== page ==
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Children Need Us Now, More Than Ever

In focus groups in Des Moines, Iowa, and Las Vegas, Nevada, a few years ago, voters were asked what their top issues were, but only one in each group of 20 mentioned an issue related to children. The economy, terrorism, the Middle East, and other issues were mentioned. Kids were an afterthought.

The focus group moderator and conservative communications strategist Frank Luntz proceeded to ask people — many parents, grandparents, and employees in professions that work with children — why they didn’t care about kids, and the participants became quite angry. “Why, of course, I care about kids!” several of them demanded. A few rose out of their chairs to further emphasize their passion for children. Read more

Letters to the Future President of the United States of America

This article is part 3 of 3 in the column Youth Voices

At Child’s World America, we believe we should also give voice to thoughts and opinions of young people themselves. We’re proud to introduce a new series that delivers the opportunity for young voices to be heard. Our first presentation is from middle school students from Philadelphia who took on the assignment of speaking their mind to the new leadership of our country. For them the future is rushing to set the foundations for their young lives. Thank you to Bob Vogel of LaSalle University whose program, Writer’s Matter, works with students to polish their craft and find their voice. – Bill Clark (Publisher) Read more

Local Nonprofit Helps Young Readers Go for the Gold

Philadelphia Reading Olympics photo

While athletes from around the world compete in the 2016 Summer Olympics, preparations for a much different Olympics are taking place in Philadelphia. Philadelphia READS, an independent nonprofit serving thousands of urban children, organizes an annual Reading Olympics that encourages kids to strengthen their literacy skills. Instead of the high jump or the 200-meter freestyle, kids read a list of assigned books and compete to answer Jeopardy-style questions that test their reading comprehension and analysis.

Philadelphia Reads LogoThe Reading Olympics is a creative attempt to solve a longstanding and intractable problem: getting kids reading at grade level by the time they enter fourth grade. Read more

Getting Kids to Read Over the Summer Takes a Village

Kids on lawn reading Harry Potter

What adults might not remember about the long, carefree summer days of youth is how much they forgot between June and September. In fact, the typical child experiences a three-month loss in reading achievement known as the “summer slide.”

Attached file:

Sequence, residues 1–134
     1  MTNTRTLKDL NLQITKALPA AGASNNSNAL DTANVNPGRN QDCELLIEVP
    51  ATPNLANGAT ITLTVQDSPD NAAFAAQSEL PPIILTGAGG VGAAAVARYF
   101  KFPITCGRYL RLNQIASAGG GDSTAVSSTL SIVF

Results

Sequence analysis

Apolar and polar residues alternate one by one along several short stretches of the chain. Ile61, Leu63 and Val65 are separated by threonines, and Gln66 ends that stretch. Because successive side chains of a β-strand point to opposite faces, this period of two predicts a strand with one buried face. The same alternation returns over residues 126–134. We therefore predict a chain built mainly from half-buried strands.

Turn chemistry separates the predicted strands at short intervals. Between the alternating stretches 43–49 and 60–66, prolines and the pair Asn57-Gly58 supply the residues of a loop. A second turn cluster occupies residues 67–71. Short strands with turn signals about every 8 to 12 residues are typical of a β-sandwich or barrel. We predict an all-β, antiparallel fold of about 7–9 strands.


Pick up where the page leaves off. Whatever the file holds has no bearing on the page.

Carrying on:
Philadelphia Foundation LogoOn July 21st, Philadelphia-area children’s advocates, organizers, and nonprofits gathered at the Philadelphia Foundation for a conversation on how to promote childhood literacy by working collaboratively.

The prospect of using summer as an opportunity to hone literacy skills might induce groans from most kids, but solutions to the “summer slide” can actually be entertaining. Read more

“Race Gap” Hurts American Children According to Children’s Budget Review

Photo of children's hands as a team over a globe

When it comes to government spending on children, race matters. In a 2016 review of the federal children’s budget, a growing racial divide was named as one of the largest issues facing American kids.

Demographer Dr. William Frey, who was present at the Children’s Budget Summit in Washington, D.C., hosted by the nonpartisan advocacy group First Focus, stated that America’s diversity explosion is “bigger than the Baby Boom.” By 2050, the United States will be home to more African-Americans, Latinos, and Asian-Americans than whites. In fact, since 2011, more babies from minority populations have been born in the United States than white babies, a demographic reversal that is likely here to stay.

Children of color are the future of the United States. But will they have access to the education and resources they need to reach their potential? Read more

Philadelphia Soda Tax: A Sweet Victory for Kids?

Editor’s Update: The Bill has passed the City Council making Philadelphia the first major city to tax soft drinks.

 

On Wednesday, June 8th, a Philadelphia City Council committee voted “yes” to an amended version of Mayor Jim Kenney’s controversial soda tax. The original tax, 3.0-cents-per-ounce, would have raised an estimated $95 million each year for universal pre-K and improvements to city parks and recreation centers.

The revised proposal calls for a 1.5-cents-per-ounce tax and the addition of diet soda to the list of taxable sweetened beverages. At $91 million, the projected revenue is just short of the initial goal. Kenney’s administration has also introduced some last-minute plans for the tax: $41 million of the revenue through 2020 will be applied to the city fund. The City Council is expected to pass this amended bill during this week’s final vote.

But will kids see the promised benefits? Read more

Conflicting Emotions on High School Graduation Rates

High school graduation rates have been the source of a lot of news coverage—and conflicting emotions—in the past few months.

President Obama and 19 governors hailed increasing graduation rates in their annual addresses. At the same time, leading journalists and policy wonks have raised questions about those very gains and about the value of a high school diploma.

How to make sense of this optimism and skepticism? Let’s take it one step at a time.

First, there is no denying the progress in graduation rates. Just 10 years ago, the nation’s on-time high school graduation rate was hovering just over 70 percent, where it had been stuck for decades. Today the graduation rate is 82.3 percent, the highest in history. Read more

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